Another possible root cause would be a misunderstanding of how a stored procedure definition is terminated. Take this for example:
CREATE OR ALTER PROCEDURE dbo.MyTestProc
SELECT result = 1;
GRANT EXECUTE ON dbo.MyTestProc TO [SomeUser];
The intention here is to define the procedure and then grant permissions to it.
However, the first time ...
Related to Josh's answer: An alternative could be that this person was a member of an AD group for which there was an explicit DENY to do the operation. And then this person was removed from the AD group with that DENY.
I'm talking about a user in the database. A user that points to a login, where that login points to an AD group i.e. the deny could have ...
If the Windows user account was added to an Active Directory (AD) group in the meantime, and that AD group had permission to run the procedure, then that could create this scenario where a user gained access to a procedure with no changes within SQL Server.
Also get the network admin to check if the user logged off and on again. Group membership only gets ...
No, after a lot of improvements over the years to the DBCC CHECKDB command, it no longer explicitly takes out locks and it does not specifically block backups. Here's a good article about it: A SQL Server DBA myth a day: (2/30) DBCC CHECKDB causes blocking
The only issue to be aware of is that the DBCC CHECKDB command can be resource intensive and backups ...
I have an SQL Server 2014 (12.0.2000.8)
RTM version? I recall running into excessive compilation duration (minutes) for some queries. The issue was fixed post RTM. I suggest you patch your server to a supported patch level (SP3+).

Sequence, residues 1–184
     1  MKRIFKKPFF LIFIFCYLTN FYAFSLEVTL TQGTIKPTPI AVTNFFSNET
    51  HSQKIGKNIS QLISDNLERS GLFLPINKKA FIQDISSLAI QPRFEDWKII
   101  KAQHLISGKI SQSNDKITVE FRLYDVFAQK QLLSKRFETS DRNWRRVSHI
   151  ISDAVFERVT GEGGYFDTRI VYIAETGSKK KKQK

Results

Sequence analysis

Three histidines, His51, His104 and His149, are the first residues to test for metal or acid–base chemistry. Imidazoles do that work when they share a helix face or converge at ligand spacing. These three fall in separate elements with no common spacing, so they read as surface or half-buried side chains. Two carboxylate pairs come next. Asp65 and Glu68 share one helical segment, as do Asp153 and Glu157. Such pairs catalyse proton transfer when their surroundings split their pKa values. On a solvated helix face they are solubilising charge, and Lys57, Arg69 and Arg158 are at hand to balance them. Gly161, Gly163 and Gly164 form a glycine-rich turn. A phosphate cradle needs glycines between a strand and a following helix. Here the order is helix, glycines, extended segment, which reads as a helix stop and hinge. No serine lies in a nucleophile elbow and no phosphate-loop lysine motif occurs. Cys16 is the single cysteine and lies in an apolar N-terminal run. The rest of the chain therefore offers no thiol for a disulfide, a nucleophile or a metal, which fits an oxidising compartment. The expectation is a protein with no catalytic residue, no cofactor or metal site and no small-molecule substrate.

I expect that most of the compilation time is spent by the optimizer considering different approaches to re-ordering the many joins.
Two options for fixing this are:
Break the query up
One approach that might work, depending on your query, is separating the relational from the informational part of your query. This involves breaking up the query into two ...
You can monitor for statement level recompile events using Extended Events. I have a blog post here that lays out exactly how to do it. You can see that there is a column for the recompile reason. That will tell you explicitly why any given statement was recompiled.
You can, for a plan that stays in cache, prevent it from recompiling while it's in cache by ...
Yes the SA account does have an SID and you can verify what it is by logging into the SQL Server as the SA account and using this SQL function: SELECT SUSER_SID('sa');
MS Docs on it: https://docs.microsoft.com/en-us/sql/t-sql/functions/suser-sid-transact-sql?view=sql-server-ver15
There's nothing special about using SA or any other account in an AlwaysOn ...
I agree with @J.D. said about temp table variables. Because until SQL Server 2019 version, Query Engine thinks the estimate of temp table variables only returns one row.
Otherwise, I think you should leave also Clustered Index Scan on anotherbigtable. Because it cost 98%
I didn't know your indexes, but I recommend the index below.
CREATE INDEX ...